Slaughter in Sudan

May 20, 2004

JANJAWEED, they're called; the Arab horsemen who sweep into the impoverished tribal villages of western Sudan, shooting men, raping women, kidnapping children, stealing livestock, setting anything left ablaze.

Over the past year, more than 1 million black Muslims have been driven from their homes, starving and destitute, by these marauding thugs doing the dirty work of the Arab Islamist regime in Khartoum that wants to eliminate support for Darfur rebels seeking to share national riches and power.

Some of the refugees have fled to neighboring Chad, but most are trapped in a hellish limbo: lacking the basic necessities of life, still threatened by the janjaweed and government forces, but unreachable by international relief agencies.

President Bush and United Nations Secretary-General Kofi Annan have each condemned the atrocities, and called for aid workers to be given immediate, unimpeded access. Neither is in a position to apply much more than diplomatic pressure, but that will have to be enough.

Unless the world is spurred quickly to rescue the displaced villagers and ensure their safe return home, the likely result is massive suffering and death on a scale comparable to the genocide of 800,000 Tutsis by the Hutu military in Rwanda 10 years ago.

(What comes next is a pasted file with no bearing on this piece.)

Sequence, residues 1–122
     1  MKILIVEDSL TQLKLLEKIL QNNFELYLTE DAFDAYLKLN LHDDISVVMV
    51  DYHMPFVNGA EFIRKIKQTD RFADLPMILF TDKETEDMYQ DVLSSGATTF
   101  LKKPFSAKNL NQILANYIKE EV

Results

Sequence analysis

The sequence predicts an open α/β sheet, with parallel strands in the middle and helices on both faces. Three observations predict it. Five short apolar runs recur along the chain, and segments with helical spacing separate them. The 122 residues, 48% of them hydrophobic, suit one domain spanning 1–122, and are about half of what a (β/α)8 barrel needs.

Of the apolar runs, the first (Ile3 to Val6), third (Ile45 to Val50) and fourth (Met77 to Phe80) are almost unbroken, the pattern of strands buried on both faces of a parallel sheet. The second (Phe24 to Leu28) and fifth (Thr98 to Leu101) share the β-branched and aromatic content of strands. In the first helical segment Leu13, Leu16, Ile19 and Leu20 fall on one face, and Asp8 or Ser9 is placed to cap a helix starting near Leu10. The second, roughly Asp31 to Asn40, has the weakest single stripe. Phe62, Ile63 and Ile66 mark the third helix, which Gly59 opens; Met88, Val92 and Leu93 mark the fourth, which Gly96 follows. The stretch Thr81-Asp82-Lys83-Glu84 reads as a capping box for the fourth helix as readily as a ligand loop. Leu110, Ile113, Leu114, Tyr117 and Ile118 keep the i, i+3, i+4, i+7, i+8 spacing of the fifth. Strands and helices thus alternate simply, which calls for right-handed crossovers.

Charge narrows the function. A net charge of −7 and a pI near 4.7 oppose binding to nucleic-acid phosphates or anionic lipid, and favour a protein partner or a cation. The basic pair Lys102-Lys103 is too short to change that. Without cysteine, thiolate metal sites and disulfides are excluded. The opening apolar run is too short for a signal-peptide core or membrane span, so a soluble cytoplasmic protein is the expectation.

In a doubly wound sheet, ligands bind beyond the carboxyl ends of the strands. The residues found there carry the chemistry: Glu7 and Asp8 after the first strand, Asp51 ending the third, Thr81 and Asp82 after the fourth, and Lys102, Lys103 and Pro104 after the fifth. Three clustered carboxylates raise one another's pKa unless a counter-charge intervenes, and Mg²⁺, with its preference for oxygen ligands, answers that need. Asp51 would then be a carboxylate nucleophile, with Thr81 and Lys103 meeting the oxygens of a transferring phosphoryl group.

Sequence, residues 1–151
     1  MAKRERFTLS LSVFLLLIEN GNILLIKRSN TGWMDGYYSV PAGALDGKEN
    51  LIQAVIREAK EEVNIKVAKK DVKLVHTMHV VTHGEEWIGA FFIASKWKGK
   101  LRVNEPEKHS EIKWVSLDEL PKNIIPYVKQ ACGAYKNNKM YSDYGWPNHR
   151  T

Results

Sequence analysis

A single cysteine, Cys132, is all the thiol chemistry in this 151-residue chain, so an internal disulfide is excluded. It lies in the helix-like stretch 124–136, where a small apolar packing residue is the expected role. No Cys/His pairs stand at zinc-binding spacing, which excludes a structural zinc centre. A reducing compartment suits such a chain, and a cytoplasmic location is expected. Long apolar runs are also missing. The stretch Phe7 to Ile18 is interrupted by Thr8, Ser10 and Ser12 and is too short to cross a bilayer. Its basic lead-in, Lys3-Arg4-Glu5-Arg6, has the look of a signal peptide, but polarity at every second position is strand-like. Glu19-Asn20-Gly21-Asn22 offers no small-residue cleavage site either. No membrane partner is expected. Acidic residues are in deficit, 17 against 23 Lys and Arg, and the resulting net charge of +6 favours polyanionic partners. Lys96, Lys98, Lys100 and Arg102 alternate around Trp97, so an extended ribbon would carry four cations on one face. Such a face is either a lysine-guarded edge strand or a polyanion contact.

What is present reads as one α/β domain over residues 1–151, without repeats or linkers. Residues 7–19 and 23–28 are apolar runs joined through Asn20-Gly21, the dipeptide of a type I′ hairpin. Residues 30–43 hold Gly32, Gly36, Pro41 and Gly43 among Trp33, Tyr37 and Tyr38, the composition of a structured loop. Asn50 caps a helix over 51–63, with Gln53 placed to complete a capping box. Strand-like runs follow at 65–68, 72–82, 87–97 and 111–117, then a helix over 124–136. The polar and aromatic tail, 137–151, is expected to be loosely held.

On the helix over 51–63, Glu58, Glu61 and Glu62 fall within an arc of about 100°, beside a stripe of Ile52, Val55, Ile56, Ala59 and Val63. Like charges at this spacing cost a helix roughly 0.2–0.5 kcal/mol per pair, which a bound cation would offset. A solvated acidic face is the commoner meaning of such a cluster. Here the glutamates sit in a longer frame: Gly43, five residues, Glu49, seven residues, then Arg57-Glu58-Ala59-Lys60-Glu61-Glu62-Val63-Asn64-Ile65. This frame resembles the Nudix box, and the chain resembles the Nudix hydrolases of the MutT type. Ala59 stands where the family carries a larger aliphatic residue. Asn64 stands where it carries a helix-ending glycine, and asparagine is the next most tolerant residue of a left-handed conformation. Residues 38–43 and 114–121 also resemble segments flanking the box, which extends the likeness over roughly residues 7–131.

Victims of what appears to be a systematic campaign to eliminate them as a people from Sudan, the Darfur tribes may also be casualties of the U.S. preoccupation with Iraq and its weakened global influence.

The Bush administration is widely credited with an extraordinary effort to broker a peace agreement between the Sudanese government and black Christians in the southern end of the country, after a 20-year conflict. Humanitarian agencies now want the U.S. to lead an international campaign on behalf of Darfur backed by military force.

But as the Khartoum regime seems to have calculated, neither the will nor the resources are available to make such a threat stick. The United States is stretched thin in Iraq, and the prison abuse scandal there has undermined its moral leadership on human rights issues.

Mr. Annan raised the specter of military action under U.N. auspices, but it's doubtful he'd find much support in a world body that elected Sudan to the U.N. Commission on Human Rights. In fact, most of the world has been conspicuously silent on the plight of Darfur.

Rep. Frank R. Wolf, a Virginia Republican and top congressional leader on human rights issues, believes the best hope is for world pressure to convince the Sudanese government that its own interests suffer with the people of Darfur. There have been indications after Sept. 11, 2001, that Sudan does not want to be viewed as a pariah.

What Khartoum needs to hear now is that the destruction of Darfur won't be tolerated.

"I fear the world will wake up 10 years from now and wonder why more was not done to protect humanity," Mr. Wolf wrote in appeal to Mr. Annan. "The evidence is clear. We cannot say that we did not know."

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